Futility- Wilfred Owen

  • Created by: Vicki1996
  • Created on: 02-09-15 16:37
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  • Futility- Wilfred Owen
    • Tone
      • Admiration and compassion but towards the end: Negative, bitter and resentful
    • Themes
      • The value of life
      • The Futility of war
    • Background
      • Poem written before the end of world war 1. War poetry written for 2 reasons.
          • that young men who fight and die in wars are bravely fighting for their land of birth
          • Tell people the truth about war: it is cruel, ugly and destructive
      • The front line on a bright winter morning. A soldier has recently died though we don't know precisely how or when. Owen appears to have known him and something of his background and he ponders nature's power to create life, setting it against the futility of extinction.
      • Futility means to be of no use/ useless/ having no result
    • Summary
      • Reflect's soldier's desperate hope that his comrade is not dead
      • Gives instructions for comrade to move into sun.
        • Sun - awakening and growth
      • 3 questions -- speaker accepts soldier's death with bitterness and despair
        • FUTILITY
          • Putting dead man in sun is a useless act
          • Faced with consequence of war... is life itself futile?
          • Why was life created, if it must end in death... in such a death?
    • FORM
      • 14 lines, not a sonnet
      • Half - rhyme every second line:
        • " sun/once"
        • "once/France"
        • "unsown/snow/know"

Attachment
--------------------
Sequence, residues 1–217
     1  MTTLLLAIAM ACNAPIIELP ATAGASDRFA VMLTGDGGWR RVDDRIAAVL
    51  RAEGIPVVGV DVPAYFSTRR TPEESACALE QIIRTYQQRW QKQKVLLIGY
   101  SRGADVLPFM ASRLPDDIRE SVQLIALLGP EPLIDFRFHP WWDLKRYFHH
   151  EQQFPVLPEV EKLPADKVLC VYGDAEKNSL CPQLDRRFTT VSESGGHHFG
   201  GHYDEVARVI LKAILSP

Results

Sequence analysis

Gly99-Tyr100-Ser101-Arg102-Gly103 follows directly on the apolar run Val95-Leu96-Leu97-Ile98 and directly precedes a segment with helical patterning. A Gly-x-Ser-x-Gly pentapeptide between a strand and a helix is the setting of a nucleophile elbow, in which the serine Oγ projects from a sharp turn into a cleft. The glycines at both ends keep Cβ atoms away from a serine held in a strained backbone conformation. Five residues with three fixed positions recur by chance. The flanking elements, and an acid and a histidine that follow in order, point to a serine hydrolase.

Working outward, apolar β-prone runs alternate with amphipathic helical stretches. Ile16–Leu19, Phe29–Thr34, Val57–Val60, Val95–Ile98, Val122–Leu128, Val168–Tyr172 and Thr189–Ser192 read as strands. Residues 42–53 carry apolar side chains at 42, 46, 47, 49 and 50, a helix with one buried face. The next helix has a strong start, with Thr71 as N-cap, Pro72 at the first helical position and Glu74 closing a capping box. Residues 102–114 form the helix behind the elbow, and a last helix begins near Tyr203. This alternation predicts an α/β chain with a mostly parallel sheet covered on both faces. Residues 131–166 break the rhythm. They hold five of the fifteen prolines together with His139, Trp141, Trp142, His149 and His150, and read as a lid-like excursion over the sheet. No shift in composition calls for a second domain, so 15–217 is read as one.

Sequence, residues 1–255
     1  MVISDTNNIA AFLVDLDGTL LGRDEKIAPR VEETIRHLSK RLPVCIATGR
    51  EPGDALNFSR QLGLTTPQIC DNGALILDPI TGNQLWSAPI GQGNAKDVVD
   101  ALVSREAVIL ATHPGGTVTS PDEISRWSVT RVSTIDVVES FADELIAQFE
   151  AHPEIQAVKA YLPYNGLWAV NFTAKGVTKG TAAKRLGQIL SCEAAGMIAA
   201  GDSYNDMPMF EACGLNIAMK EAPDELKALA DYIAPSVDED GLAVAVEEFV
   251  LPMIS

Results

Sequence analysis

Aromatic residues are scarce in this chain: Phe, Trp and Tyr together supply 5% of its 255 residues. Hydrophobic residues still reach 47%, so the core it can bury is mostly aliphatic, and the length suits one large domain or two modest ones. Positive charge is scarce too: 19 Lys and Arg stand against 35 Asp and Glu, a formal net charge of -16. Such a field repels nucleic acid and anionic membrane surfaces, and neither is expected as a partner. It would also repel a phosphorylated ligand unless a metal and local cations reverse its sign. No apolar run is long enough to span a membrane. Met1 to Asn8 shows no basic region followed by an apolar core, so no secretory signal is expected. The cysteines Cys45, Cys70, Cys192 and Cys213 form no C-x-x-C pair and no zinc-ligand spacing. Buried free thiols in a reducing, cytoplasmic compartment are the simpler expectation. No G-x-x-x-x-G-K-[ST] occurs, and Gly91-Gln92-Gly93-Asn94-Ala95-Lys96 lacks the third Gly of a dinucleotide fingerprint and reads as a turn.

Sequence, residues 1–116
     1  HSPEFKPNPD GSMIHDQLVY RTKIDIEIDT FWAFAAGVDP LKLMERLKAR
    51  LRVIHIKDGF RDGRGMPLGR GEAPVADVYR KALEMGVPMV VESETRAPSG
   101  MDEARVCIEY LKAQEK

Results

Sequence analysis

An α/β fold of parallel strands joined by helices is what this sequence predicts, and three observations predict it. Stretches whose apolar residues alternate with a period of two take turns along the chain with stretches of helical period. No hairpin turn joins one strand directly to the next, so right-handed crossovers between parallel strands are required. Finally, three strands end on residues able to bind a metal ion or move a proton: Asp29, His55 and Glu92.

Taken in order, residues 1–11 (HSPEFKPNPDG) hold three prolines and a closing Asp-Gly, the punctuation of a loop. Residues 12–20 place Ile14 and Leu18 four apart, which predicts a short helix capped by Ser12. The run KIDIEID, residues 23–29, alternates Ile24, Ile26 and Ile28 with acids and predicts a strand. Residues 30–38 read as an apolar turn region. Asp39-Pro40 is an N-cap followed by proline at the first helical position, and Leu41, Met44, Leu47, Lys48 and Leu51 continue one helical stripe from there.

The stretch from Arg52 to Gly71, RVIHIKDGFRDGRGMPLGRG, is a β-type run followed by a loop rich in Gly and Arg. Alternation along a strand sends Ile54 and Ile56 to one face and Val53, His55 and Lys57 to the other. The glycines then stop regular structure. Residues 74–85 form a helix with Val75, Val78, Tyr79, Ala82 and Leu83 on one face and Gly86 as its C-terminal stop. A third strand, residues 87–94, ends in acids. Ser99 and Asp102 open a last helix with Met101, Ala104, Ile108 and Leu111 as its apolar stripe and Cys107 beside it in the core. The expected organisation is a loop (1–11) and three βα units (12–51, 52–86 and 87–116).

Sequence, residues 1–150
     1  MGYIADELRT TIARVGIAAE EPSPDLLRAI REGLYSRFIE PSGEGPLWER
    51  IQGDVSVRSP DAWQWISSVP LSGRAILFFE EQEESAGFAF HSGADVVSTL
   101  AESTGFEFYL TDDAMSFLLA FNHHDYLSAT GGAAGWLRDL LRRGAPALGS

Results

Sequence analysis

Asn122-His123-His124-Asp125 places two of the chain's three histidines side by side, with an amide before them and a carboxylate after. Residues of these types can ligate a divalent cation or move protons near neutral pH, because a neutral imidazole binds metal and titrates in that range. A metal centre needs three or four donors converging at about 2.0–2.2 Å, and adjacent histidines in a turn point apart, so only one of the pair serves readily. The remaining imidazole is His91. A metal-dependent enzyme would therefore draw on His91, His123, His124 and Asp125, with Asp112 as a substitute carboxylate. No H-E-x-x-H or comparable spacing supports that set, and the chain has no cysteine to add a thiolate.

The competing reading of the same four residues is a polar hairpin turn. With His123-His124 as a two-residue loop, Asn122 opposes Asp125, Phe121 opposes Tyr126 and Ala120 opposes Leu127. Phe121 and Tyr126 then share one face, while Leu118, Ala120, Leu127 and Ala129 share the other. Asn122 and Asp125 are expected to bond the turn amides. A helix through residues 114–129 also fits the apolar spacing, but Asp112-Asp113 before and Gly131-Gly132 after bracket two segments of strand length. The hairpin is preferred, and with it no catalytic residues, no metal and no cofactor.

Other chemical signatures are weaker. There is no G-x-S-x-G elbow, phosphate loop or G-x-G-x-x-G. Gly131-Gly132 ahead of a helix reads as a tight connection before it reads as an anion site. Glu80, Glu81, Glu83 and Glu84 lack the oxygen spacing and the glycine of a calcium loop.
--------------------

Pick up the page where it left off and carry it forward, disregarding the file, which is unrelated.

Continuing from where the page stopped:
• No obvious rhyme - appears confusing
        • Illustrates soldier's confused emotions about friend dying.
        • Even punctuation odd & confusing
      • Metaphor
        • "Was it for this the clay grew tall?"
          • 'clay' metaphor for stuff of which humans are made
          • Not literally 'made of earth', but figuratively connected to nature and to earth
      • Assonance
        • 'rouse him now' reinforces futility of attempt
        • 'home-unsown' emphasises the loss
      • Consonance
        • "woke, once, the clays of a cold star"
          • Past tense emphasised
      • Symbolism
        • "fields unsown"
          • symbolises future - soldier cannot experience
      • Rhetorical Question
        • Full-nerved - still warm - too hard to stir?
        • Was it for this the clay grew tall?
        • To break earth's sleep at all?
      • Rhyme
        • sun-unsown once-France snow-now-know       seeds-sides     star-stir        tall-toll-all
      • Personification
        • 'earth's sleep' (line 14)
        • 'seeds' (line 8)
        • 'cold star' (line9)
        • 'woken' (line9)
      • Antithesis


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